Tag Archives: EU-ASEAN FTA Campaign Network

Revival of EU-ASEAN trade a wrong move—EU-ASEAN Campaign Network

File photo / 20150417 – Focus on the Global South

The EU-ASEAN FTA Campaign Network, a regional campaign network called the revival of trade negotiations between the European Union and the ASEAN, a “wrong move” that could further exacerbate inequality and erosion of peoples rights in the region.

Reacting to news reports that quoted Trade Secretary Ramon Lopez, announcing “exploratory discussions” of an ASEAN-EU working group, EU-ASEAN Network issued the following statement:

It is important to recall why the EU-ASEAN talks were suspended in 2009. The talks were put on the back burner, not simply as news articles report, “to give way to bilateral talks between select ASEAN member states”, but rather because the EU was not satisfied with the level of ambition that ASEAN, negotiating as a block, was willing and able to put on the table. In short, the EU wanted a comprehensive, ambitious new generation free trade agreement with ASEAN, that includes all the problematic provisions like ISDS, which allows corporations to sue governments, and IPR which would undermine public health and peoples access to more affordable medicines.

In reviving the talks, ASEAN should get its act together, and negotiate this with the interest of the poorest members and the poorest and marginalized sectors in mind. A big challenge is seeing to it that the agreement could help resolve the development imbalance within the 10 ASEAN countries.

Another sticky point in the EU-ASEAN talks is the question of human rights. The EU simply could not move forward with the region-to-region talks in 2009, because ASEAN was insisting it would negotiate as one, which means including Myanmar, with its sordid HR record.

Fast-forward to 2017 and we see practically the entire region slipping into authoritarianism, where people are facing enormous challenges to their human rights.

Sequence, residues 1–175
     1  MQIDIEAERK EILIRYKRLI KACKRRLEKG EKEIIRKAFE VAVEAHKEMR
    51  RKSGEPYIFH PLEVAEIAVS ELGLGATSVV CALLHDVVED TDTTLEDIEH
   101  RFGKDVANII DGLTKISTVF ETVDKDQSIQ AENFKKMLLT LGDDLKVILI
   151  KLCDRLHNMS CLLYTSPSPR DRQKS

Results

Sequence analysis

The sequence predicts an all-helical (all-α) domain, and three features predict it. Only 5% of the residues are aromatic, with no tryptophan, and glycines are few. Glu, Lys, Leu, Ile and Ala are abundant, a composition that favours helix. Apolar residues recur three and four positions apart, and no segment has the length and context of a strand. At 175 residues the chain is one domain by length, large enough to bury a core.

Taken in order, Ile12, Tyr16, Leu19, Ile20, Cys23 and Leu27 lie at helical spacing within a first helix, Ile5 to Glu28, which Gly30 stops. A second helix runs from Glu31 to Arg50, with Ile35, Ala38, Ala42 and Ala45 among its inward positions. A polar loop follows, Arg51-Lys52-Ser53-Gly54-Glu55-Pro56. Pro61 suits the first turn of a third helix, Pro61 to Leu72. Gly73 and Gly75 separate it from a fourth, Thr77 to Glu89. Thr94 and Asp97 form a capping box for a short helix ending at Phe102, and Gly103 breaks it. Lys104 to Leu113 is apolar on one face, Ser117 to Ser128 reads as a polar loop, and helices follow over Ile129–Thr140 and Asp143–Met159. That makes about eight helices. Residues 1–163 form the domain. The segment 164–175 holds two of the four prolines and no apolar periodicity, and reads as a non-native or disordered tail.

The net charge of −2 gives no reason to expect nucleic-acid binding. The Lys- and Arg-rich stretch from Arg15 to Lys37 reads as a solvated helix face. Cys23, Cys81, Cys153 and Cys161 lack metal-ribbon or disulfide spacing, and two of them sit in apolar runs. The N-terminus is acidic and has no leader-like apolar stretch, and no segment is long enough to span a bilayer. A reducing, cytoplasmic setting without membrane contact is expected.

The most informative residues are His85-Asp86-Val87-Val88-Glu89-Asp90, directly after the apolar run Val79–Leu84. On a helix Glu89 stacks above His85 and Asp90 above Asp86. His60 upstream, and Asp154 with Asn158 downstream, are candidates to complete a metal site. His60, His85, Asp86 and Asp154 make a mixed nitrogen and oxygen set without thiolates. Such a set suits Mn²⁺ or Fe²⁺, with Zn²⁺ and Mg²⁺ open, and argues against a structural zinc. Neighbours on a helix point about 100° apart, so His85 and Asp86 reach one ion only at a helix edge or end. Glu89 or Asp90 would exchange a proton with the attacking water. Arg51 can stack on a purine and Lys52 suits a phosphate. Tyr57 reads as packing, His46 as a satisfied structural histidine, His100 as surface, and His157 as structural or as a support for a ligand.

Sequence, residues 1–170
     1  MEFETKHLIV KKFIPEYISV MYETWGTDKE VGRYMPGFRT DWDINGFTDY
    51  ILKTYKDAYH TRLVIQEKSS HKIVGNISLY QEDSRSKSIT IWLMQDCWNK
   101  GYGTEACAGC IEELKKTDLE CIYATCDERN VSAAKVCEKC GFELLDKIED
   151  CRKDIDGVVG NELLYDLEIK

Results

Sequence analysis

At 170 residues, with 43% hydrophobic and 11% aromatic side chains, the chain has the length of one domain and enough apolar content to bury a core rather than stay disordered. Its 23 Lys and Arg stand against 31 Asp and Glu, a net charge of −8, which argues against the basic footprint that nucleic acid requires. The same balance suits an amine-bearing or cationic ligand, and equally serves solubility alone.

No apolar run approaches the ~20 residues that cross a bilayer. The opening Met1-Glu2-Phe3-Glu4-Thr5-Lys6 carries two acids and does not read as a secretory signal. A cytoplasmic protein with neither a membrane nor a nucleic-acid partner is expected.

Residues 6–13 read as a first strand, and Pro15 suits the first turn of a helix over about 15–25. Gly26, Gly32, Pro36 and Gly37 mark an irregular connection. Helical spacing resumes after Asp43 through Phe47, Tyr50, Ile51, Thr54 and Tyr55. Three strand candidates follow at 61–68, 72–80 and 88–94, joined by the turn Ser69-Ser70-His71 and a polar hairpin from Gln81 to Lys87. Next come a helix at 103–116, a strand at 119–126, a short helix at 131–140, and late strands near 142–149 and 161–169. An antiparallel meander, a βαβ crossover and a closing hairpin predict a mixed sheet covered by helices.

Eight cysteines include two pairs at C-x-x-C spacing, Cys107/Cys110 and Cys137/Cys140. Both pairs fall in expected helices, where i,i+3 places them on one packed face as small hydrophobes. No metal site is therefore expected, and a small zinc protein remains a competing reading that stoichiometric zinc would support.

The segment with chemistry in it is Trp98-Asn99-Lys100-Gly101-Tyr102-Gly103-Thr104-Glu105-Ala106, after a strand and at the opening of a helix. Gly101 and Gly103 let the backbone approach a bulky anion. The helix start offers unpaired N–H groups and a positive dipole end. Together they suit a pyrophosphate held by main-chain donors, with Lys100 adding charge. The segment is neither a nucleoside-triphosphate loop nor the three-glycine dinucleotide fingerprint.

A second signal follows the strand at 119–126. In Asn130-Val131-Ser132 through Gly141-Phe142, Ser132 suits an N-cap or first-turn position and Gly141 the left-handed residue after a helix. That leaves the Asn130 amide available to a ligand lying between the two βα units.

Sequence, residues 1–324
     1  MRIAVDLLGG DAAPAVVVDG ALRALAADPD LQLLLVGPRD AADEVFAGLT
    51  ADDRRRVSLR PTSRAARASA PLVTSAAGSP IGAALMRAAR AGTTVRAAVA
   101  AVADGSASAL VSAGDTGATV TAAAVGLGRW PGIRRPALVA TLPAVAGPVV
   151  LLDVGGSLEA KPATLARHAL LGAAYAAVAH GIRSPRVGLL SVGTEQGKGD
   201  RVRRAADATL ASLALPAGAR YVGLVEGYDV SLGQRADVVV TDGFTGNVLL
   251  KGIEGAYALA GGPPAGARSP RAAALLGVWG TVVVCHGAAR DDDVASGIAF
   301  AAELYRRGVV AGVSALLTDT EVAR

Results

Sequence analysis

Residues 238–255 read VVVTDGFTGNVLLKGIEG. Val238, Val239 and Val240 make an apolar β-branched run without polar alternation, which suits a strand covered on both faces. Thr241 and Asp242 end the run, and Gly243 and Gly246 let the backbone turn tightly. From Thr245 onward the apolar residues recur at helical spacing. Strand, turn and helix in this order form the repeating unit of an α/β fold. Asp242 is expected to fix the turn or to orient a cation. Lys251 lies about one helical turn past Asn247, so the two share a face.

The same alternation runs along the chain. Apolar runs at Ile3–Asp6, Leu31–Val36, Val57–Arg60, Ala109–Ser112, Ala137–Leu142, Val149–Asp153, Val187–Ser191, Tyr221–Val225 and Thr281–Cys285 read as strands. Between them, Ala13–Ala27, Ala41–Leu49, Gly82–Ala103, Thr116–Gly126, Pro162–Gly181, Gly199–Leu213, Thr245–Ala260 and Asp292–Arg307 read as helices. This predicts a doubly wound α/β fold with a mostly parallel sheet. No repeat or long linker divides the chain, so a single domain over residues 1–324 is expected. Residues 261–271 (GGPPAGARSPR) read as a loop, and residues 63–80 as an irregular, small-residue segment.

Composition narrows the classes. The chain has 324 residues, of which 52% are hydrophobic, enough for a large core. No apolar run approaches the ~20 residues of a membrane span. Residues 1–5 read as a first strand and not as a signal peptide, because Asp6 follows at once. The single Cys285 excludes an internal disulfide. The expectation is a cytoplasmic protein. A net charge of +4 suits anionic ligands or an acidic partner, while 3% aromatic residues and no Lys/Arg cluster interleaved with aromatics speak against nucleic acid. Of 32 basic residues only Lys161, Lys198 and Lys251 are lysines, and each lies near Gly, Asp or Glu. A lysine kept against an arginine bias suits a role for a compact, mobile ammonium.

It puzzles us as well why the EU-ASEAN initiative is being revived now when Asean countries are busy with RCEP and TPPA. And what is the value added for Asean countries.

Rather than push for the revival of the EU-ASEAN talks and the conclusion of another ambitious agreement- the RCEP, ASEAN governments should heed the call of the people and instead initiate a comprehensive and participatory process to review these deals from the purview of their impact on peoples lives and human rights.#

EU-ASEAN Network
Focus on the Global South
FTA Watch-Thailand
Indonesia for Global Justice
Monitoring Sustainability of Globalization (MSN)
Trade Justice Pilipinas

New Generation Free Trade Agreements: A Threat to Life and Livelihoods


Multi-Sectoral Network Calls On Philippine Government To Turn Back From Its FTA Ambitions

Statement of the EU-ASEAN FTA Campaign Network on day of Global Action to Defeat Free Trade and investment Treaties and the International Day of Peasants and Farmers Struggle

The EU-ASEAN FTA Campaign Network joins movements and campaign platforms across the globe mobilizing to stop free trade and investment deals and to promote an economy that works for people and the planet.

This year marks 20 years of the Philippines’ membership in the World Trade Organization (WTO) and government’s continuous adherence to the WTO’s policy of economic liberalization.